As you probably heard, the Washington Council on International Trade and the Trade Development Alliance of Greater Seattle released the International Competitiveness Strategy for Washington State on Tuesday. I’m tempted to say that we “gave birth” to the International Competitiveness Strategy, because it was an intense amount of labor and it took us nine months to finish, but we couldn’t be happier with our new bundle of joy!
Probably the biggest headline of the Strategy is the finding that 40% of all jobs in Washington state are tied to trade. To which all I can say is “wow.” Seriously, that’s a big deal. It’s a significant increase from the 1999 finding that 32% of all jobs are tied to trade, and it is a tangible demonstration of why we need to focus on ensuring that trade policy has maximum benefit to Washington state companies’ ability to succeed in the global economy.
es and on imports, the SWOT analysis of Washington’s international competitiveness, and the recommendations that offer a clear path to increase Washington global strength – and, in fact, I plan to go on and on about it…in a series of blog posts on each of those topics. I call it the “Getting to Know the International Competitiveness Strategy for Washington State Series of Blog Posts” or GTKTICSFWSSBP. Which is a terribly long and awkward title/acronym, but I never said that nomenclature was my forte.I could go on and on about the other parts of the Strategy that are fantastic – the data on servic
For this initial entry in the series, let me just say this: the most surprising thing to me about that 40% number is that it comes from a mixture of luck, happenstance and uncoordinated efforts. We’re at 40% because companies like Boeing and Microsoft are amazing at selling products and creating global supply chains. We’re at 40% because we’re geographically close to Canada and Asia and have natural deep water ports. We’re at 40% because we grow amazing crops in this state, and are very good at getting the rest of the world to want them. There is a long list of things like that, but very little that comes from a strategic, statewide, coordinated plan.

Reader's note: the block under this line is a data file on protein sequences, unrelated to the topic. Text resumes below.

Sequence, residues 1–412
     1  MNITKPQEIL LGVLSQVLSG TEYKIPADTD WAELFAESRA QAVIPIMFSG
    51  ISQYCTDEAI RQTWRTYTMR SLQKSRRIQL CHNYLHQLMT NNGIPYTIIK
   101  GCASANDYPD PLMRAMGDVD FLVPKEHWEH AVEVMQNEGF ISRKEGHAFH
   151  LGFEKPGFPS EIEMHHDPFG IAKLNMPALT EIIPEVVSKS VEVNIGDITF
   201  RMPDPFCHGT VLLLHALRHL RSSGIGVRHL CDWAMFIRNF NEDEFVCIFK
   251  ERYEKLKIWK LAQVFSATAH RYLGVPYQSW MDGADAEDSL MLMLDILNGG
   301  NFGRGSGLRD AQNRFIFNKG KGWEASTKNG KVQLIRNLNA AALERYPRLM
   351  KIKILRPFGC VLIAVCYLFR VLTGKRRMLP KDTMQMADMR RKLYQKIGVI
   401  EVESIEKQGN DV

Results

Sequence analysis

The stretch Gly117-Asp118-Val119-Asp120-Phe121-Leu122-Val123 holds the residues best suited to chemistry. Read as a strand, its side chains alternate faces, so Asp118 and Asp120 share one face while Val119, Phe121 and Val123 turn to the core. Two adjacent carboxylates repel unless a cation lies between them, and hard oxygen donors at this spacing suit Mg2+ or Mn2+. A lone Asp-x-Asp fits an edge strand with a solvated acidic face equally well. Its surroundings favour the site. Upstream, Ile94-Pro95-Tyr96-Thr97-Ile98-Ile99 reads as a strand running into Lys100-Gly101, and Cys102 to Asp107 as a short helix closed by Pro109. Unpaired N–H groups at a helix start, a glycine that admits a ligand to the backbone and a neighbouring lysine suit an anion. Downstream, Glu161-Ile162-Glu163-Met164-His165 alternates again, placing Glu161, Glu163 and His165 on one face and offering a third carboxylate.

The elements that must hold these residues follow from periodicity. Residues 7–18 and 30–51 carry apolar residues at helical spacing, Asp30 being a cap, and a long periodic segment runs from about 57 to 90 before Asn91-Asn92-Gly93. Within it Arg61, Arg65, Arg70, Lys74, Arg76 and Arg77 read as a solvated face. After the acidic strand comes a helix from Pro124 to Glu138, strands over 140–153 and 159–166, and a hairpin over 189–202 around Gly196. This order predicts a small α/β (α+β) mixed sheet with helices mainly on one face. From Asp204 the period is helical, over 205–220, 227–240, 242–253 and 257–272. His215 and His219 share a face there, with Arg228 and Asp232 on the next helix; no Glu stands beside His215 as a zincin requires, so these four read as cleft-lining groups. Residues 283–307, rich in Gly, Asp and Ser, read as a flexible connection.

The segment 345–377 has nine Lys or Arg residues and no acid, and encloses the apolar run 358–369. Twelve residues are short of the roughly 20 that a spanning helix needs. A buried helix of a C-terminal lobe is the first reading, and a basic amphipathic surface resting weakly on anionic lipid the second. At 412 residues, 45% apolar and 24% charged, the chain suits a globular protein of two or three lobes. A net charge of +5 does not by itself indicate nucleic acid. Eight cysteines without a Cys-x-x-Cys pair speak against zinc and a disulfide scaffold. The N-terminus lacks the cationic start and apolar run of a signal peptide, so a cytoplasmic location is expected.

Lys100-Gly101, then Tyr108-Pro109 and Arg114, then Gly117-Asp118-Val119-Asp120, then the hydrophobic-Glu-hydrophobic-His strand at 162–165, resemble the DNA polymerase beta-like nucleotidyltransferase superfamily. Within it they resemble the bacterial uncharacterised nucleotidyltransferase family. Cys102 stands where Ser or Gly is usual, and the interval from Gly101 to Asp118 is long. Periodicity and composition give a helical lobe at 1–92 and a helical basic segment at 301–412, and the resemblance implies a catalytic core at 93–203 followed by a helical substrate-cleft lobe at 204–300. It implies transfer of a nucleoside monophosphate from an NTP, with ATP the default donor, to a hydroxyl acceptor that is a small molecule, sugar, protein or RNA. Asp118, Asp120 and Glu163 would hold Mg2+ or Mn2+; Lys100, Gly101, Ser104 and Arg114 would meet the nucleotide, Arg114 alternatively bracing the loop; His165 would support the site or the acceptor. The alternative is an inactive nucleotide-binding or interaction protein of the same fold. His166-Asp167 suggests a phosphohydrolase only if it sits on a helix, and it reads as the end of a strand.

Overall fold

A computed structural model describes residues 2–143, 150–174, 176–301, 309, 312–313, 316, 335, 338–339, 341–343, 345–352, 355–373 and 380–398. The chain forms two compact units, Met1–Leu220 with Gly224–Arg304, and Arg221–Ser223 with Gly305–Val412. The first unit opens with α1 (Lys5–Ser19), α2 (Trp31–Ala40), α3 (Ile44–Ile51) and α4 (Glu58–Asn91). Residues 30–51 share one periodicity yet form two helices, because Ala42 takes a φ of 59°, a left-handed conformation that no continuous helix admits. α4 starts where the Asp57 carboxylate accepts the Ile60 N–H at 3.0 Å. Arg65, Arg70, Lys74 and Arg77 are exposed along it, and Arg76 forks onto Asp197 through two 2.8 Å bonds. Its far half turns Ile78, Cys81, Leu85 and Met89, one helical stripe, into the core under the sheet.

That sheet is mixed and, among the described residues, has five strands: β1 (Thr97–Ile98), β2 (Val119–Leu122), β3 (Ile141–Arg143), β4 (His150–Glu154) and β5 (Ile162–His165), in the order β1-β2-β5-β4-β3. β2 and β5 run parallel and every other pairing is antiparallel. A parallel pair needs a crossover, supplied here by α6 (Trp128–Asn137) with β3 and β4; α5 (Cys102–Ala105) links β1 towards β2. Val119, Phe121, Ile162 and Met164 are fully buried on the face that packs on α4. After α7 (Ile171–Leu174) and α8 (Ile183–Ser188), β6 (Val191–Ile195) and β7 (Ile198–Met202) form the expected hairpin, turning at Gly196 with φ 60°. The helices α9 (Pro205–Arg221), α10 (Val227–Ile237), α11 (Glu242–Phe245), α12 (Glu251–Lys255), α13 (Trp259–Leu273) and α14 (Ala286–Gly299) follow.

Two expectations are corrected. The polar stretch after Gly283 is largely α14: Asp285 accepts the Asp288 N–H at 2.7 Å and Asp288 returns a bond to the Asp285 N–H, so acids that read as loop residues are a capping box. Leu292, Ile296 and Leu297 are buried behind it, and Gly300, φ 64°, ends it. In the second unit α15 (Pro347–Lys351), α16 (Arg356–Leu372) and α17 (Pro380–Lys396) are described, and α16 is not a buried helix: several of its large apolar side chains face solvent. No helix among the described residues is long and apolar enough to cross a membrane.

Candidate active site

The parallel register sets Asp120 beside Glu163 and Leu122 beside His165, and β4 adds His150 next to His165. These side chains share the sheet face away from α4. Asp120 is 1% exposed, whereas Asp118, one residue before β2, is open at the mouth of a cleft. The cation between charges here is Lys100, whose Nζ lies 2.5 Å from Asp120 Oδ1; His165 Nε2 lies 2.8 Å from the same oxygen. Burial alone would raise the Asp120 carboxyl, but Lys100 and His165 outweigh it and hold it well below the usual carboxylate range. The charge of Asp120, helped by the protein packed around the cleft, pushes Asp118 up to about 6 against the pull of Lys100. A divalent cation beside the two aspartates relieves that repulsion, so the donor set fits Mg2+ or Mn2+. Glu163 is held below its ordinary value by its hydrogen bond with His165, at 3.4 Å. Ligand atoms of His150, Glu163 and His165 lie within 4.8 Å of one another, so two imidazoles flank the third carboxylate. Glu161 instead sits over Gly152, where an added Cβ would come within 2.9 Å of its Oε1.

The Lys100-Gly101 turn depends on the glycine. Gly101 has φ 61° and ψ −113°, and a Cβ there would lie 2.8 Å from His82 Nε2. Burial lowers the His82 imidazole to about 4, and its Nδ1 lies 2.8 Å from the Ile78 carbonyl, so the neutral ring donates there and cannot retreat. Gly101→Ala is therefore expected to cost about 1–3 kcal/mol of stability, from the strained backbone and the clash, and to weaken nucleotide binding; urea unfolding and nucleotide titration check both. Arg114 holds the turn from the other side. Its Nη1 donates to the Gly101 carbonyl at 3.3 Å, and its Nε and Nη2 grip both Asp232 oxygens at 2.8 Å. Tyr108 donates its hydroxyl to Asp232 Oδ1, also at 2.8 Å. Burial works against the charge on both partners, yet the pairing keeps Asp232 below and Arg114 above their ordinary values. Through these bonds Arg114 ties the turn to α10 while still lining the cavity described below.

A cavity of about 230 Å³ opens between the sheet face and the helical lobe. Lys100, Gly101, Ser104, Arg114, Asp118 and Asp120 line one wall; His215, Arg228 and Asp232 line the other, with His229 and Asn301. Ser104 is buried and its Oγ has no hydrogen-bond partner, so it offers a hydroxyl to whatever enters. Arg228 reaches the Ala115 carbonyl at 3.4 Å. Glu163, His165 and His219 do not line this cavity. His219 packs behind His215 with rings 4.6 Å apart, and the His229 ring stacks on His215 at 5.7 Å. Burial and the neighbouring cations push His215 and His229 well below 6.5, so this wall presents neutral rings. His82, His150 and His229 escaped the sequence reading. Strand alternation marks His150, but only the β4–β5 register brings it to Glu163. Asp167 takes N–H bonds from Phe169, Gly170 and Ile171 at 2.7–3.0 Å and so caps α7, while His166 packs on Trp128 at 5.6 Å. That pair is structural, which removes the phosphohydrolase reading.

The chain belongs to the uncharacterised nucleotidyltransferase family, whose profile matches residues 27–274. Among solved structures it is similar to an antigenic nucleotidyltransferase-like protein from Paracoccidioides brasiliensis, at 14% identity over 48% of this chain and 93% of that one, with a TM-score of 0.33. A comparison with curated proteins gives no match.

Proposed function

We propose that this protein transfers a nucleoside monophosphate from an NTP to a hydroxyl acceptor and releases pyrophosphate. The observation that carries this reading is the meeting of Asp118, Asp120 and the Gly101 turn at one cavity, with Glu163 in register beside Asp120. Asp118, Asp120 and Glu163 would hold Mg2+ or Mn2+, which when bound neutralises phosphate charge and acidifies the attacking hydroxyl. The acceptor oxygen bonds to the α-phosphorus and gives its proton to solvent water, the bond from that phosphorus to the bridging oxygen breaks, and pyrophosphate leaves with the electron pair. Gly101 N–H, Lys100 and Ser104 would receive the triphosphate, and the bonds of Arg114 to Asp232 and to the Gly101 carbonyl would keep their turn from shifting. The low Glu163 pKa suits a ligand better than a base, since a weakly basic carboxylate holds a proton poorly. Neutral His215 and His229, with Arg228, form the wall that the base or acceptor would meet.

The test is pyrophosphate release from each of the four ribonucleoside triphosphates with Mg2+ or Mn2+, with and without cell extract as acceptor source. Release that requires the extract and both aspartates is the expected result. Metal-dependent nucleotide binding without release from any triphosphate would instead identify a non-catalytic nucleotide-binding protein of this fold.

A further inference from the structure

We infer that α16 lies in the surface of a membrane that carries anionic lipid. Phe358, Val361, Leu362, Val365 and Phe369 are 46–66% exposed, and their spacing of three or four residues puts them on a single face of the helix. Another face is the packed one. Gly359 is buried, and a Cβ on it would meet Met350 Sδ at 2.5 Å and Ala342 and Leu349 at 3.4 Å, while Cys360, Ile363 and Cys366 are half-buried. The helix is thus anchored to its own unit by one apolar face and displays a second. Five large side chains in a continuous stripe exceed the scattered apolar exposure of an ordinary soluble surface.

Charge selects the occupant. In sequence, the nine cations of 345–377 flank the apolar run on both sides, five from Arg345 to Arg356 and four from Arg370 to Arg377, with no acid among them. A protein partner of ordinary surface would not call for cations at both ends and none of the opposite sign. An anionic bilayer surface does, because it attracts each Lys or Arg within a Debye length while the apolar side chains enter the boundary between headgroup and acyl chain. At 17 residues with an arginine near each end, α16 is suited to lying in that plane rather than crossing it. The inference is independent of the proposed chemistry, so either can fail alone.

Which makes that 40% number such a tantalizing promise of what could be. What if we as a state were even more thoughtful about how policies, investments and collaborations could leverage all of our resources to maximum benefit. Think of how many trade-related jobs we could grow, and how many more people and businesses could benefit. If we’re at 40% now, could we get to 50% or 60% if we were really working together on it?
That’s the goal of the International Competitiveness Strategy, and so this week is only the start of what I hope will be a number of major new efforts to implement its recommendations. What are those recommendations you ask? Well, read the strategy to find out…or wait until I do a blog post on it…or at least skim the one-pager! And tune in next week for the next in the GTKTICSFWSSBP!